Another favorite of mine was when we went to a school for children with emotional issues and learning disabilities. We were in a room with teenage boys. All of them were hanging out, playing with Magnus while he performed tricks.
But there was one boy, who was around 16 years old, off by himself in the corner. I asked if he wanted to pet Magnus, and the teacher said that the boy, who had severe autism, was deathly afraid of dogs. His fear was not because of any incident, just a fear that he developed.
I tried several techniques to try and make the boy more comfortable in order to help him feel safe interacting with Magnus. First, I had Magnus turn around so his face (and teeth) were facing away from the boy. This did not work. Then I showed him how I can hold a small treat in my mouth and Magnus will take the treat from me, without hurting me. Still, the boy wasn’t convinced.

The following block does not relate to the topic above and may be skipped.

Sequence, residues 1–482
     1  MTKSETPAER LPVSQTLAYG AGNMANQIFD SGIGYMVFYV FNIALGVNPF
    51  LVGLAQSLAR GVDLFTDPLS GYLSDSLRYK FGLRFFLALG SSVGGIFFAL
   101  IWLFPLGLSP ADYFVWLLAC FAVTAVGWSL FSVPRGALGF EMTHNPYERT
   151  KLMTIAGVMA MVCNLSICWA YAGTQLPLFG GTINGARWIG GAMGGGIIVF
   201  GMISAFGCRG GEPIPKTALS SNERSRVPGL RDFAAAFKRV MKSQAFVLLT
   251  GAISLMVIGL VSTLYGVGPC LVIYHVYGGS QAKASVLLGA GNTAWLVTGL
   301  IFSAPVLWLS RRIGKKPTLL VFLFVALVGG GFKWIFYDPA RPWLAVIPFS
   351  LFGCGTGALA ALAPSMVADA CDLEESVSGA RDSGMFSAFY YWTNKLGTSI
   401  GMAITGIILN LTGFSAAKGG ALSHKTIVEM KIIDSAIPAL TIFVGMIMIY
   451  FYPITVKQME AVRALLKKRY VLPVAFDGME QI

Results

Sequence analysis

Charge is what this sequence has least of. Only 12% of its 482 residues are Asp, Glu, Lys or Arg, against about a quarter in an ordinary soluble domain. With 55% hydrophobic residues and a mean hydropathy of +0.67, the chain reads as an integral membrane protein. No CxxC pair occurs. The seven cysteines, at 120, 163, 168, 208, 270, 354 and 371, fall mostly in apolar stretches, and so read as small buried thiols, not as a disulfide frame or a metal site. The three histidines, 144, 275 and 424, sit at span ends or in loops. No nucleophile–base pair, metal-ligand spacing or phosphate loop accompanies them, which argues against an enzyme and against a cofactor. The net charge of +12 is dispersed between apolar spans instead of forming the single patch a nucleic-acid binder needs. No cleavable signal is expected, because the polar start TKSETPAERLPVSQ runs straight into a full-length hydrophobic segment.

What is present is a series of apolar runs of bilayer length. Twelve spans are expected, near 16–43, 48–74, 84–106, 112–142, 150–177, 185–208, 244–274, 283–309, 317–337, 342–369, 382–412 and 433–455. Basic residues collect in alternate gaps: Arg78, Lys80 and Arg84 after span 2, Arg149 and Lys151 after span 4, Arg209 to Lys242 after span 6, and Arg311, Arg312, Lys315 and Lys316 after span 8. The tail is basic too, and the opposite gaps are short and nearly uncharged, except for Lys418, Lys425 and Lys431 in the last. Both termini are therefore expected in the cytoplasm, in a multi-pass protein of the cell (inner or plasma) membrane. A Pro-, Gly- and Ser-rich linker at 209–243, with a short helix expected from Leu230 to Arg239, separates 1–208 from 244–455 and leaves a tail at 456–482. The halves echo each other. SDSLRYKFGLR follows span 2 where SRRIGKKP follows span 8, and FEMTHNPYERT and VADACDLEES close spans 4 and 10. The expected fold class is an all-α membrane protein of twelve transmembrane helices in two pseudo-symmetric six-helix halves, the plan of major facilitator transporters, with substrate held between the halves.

My last effort was the one. I took a treat and placed it between my pointer and thumb. I told Magnus to take the treat but I didn’t let go of the treat. After several seconds with my fingers in Magnus’ mouth, I told Magnus to leave it, and when I removed my fingers, they and the treat were all intact.
The terrified boy was no longer scared and asked if he could give Magnus a treat, then another and another, etc. The teacher was shocked and said this was one of the biggest breakthroughs with this child that the school had ever seen.
It’s moments like these that are why Magnus and I volunteer as a pet therapy team. It’s our way to give back and pay it forward.